"[N]o one’s ever been able to show me any difference between democracy and brute force. It’s just a majority ganging up on a minority with the minority giving in to avoid getting massacred." ~ L. Neil Smith
The Privacy Conundrum
Column by Paul Bonneau.
Exclusive to STR
Michael Rozeff made a very lengthy blog post bemoaning the loss of privacy, here.
I sometimes wonder when people go to such lengths to get their point across. Could it be that the arm-waving indicates the position is not really all that well thought out, or that it is internally inconsistent? Aren’t simple truths, well, simple?
I should say that I certainly respect Rozeff and all he has done for liberty, but I think he has gotten a bit off the track here.
The first thing I wonder, is whether it’s that privacy is supposed to protect us, or that we are supposed to protect privacy? Or both? (Rozeff does not seem to want to make up his mind on this point.) And, if we are supposed to protect privacy, then how? By writing our Congresscritter? No doubt the government will vigorously prosecute those members of government who become a bit too vigilant! Just kidding . . . .
His only prescription appears to be, “We need the strongest possible ideas in defense of privacy.” Yeah, that’ll help.
Rozeff asserts, “Privacy is a necessity.” Why? The human race got on just fine for tens of thousands of years with essentially none. In small towns, there ain’t a lot, but think how little privacy there was in small hunting and gathering societies.
He claims, “Everyone has many things they want to keep private.” Well, perhaps, although what I’ve seen on Facebook and the idiot box makes me think that some people are quite prepared to bare all. But let’s agree there may be a few things. The remedy is to not put them out for all to see. The remedy may also be, for those things you want private because you are ashamed of them, to either stop doing those things, or get rid of your shame. Come out of the closet.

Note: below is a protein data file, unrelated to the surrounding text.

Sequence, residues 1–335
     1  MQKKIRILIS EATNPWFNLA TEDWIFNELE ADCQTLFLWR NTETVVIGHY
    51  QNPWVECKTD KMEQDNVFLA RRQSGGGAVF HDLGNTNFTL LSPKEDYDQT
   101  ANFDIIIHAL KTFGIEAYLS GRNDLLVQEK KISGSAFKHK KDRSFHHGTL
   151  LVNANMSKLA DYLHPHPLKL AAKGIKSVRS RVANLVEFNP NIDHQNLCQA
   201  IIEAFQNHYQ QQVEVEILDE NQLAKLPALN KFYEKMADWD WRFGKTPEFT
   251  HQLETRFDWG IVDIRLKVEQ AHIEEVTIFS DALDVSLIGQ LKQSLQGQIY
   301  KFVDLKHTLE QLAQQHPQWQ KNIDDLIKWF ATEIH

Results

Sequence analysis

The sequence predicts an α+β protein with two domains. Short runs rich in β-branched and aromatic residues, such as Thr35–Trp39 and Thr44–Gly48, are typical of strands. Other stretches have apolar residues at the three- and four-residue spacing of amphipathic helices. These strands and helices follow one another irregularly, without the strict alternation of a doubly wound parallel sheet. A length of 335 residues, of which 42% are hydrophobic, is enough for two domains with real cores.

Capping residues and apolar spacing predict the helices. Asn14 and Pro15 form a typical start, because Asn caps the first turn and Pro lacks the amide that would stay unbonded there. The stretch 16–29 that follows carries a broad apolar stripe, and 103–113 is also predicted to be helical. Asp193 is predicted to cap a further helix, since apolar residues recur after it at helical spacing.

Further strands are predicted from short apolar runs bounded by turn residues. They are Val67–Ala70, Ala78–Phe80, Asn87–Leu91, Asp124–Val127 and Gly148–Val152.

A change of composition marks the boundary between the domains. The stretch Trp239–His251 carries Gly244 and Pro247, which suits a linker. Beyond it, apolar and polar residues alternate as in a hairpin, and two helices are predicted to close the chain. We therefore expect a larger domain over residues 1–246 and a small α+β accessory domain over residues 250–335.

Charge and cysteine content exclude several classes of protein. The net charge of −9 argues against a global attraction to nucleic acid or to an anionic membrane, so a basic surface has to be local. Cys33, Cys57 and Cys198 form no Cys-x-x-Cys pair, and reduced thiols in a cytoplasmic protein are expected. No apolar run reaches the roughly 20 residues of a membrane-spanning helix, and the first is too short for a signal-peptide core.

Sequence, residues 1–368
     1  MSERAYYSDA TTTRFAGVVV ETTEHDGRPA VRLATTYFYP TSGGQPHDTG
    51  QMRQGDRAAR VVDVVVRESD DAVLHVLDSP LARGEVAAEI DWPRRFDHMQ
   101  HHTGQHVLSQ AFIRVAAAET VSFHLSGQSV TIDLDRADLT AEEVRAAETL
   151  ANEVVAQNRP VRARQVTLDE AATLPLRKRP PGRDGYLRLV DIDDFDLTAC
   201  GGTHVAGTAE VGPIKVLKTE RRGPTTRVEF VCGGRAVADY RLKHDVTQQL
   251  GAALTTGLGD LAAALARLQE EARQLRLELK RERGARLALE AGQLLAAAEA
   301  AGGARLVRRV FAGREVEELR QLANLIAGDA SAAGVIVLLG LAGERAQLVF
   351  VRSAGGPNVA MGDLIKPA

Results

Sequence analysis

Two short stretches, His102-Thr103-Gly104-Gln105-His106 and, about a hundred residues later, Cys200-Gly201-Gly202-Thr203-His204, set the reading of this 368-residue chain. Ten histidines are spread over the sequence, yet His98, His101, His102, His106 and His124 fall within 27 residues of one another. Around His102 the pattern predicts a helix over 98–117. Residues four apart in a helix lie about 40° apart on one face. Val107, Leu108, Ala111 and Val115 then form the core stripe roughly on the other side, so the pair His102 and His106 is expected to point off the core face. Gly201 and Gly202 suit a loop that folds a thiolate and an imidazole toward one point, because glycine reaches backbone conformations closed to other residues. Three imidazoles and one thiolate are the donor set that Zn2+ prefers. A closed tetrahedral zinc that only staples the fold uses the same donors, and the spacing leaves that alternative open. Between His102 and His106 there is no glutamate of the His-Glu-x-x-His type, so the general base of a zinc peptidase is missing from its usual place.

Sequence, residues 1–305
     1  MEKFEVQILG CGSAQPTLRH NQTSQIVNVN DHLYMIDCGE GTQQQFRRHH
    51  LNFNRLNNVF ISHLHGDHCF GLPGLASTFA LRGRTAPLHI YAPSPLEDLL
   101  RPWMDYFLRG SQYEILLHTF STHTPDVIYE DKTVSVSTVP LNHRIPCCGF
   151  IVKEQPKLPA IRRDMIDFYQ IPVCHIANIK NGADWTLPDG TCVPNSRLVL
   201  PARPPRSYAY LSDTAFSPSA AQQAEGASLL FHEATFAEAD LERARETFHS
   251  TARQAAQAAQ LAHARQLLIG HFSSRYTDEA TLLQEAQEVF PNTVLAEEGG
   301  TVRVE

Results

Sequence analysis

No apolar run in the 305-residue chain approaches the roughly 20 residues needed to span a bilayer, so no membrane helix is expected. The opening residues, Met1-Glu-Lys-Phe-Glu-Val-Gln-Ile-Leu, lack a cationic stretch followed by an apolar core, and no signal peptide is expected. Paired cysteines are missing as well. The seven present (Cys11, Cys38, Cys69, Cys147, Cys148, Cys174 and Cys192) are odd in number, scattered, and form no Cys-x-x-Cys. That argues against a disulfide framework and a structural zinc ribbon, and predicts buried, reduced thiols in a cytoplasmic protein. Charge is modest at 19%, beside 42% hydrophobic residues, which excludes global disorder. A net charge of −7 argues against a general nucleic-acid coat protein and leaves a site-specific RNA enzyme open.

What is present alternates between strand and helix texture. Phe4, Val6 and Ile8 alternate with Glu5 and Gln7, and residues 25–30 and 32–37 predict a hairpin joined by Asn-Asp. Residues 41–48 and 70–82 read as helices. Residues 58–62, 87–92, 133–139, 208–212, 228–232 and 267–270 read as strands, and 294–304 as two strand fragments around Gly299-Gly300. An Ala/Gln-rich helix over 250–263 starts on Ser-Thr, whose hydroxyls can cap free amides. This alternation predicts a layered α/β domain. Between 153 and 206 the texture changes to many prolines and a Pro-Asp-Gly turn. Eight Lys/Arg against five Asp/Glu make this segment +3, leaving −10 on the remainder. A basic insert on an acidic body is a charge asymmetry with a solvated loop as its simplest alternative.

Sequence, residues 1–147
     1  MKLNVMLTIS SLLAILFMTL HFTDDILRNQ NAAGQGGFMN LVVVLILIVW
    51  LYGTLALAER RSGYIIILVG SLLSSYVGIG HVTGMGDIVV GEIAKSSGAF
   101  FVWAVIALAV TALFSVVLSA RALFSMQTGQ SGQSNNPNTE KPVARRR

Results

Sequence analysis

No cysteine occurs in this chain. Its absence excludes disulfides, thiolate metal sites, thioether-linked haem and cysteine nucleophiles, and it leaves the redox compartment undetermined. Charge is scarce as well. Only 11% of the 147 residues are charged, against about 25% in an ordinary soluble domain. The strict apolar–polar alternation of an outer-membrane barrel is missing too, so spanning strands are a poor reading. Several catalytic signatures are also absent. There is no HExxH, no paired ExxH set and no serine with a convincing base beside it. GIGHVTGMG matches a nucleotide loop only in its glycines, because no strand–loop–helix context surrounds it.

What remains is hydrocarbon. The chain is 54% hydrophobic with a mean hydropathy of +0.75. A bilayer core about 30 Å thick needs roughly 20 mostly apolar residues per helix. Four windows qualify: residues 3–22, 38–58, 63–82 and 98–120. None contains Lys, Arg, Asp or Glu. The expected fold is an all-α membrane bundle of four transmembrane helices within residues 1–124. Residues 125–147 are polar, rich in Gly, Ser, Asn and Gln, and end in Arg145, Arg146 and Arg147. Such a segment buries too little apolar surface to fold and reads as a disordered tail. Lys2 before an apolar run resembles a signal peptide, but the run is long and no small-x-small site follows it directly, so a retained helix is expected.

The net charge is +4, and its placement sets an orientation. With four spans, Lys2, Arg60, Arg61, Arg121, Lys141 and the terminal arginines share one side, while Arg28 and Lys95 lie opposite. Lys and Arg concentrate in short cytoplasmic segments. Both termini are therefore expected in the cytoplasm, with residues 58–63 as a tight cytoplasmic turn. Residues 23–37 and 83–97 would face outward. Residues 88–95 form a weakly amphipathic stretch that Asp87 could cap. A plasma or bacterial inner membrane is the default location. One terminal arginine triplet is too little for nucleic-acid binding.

I remember back in the ‘50s when (apparently) the CIA et al took great care to prevent the hiring of homosexuals into their agencies, since such people were easy targets for blackmail and being “turned” by opposing spy agencies. Do they even bother with that any more? Did privacy really help gays back then, or was it merely a crutch, allowing them to stay in the closet longer than they should have?
Surveillance sounds scary until you realize that a human being has to sort through all the camera and microphone output, 99.999% of which is completely uninteresting. Maybe the point of surveillance is not so much to find out stuff about us, as to make us fear? And that it is successfully working to this end with Rozeff and others?
He writes, “Everyone has something to fear from government officials. Anyone can become the subject of an unwarranted case made against them for some legal matter, simply because there are so many stupid laws on the books that most of us know nothing about. Millions upon millions of people break laws that are unjust or needlessly penalize them, if only to survive, smooth out life's rough spots, lower a tax burden, buy a cigarette in a low-tax state, import something beyond the limit, have sex, drive above the speed limit, roll through a stop sign, or enjoy a drug.”
Here we get to the crux of the matter. Rozeff is still wanting to live and survive within a framework of society controlled and run by government thuggery, in a time when the thuggery is becoming more and more blatant and intolerable. Well, it can’t be done--or at any rate, we will soon find it impossible. There are no more formal, legal limits to what they do (if ever there were). We are approaching a political singularity.
This reminds me of the moaning by some gun owners that the government wants gun registration and will try any backdoor way to get it, in order to later confiscate all the guns. In fact, that too is a privacy issue--the government knowing who has the guns. But the government knowing is not really the problem, is it? The real problem is the willingness of some people to hand the guns over when the knock on the door happens. The real problem is the willingness of some people to be arrested and crammed into the state “justice system” sausage-maker.
I think Robert Heinlein had a clearer understanding. He wrote, "I am free, no matter what rules surround me. If I find them tolerable, I tolerate them; if I find them too obnoxious, I break them. I am free because I know that I alone am morally responsible for everything I do." He also wrote about what might come about as a result of breaking those laws: "The price of freedom is the willingness to do sudden battle, anywhere, anytime, and with utter recklessness."
Let’s not forget Mencken: “All I ask is freedom. When it is denied, as it always is, I take it anyhow.”
Privacy is a fairly modern invention, I think. It’s nice to have, but begging government for it or being distressed when they trample it is a complete waste of time. It is responding in fear, which is what the rulers want.
Buy some ammo, go out in the boonies somewhere with your battle rifle, and put in time getting some “recoil therapy.” That’s the best remedy for privacy angst.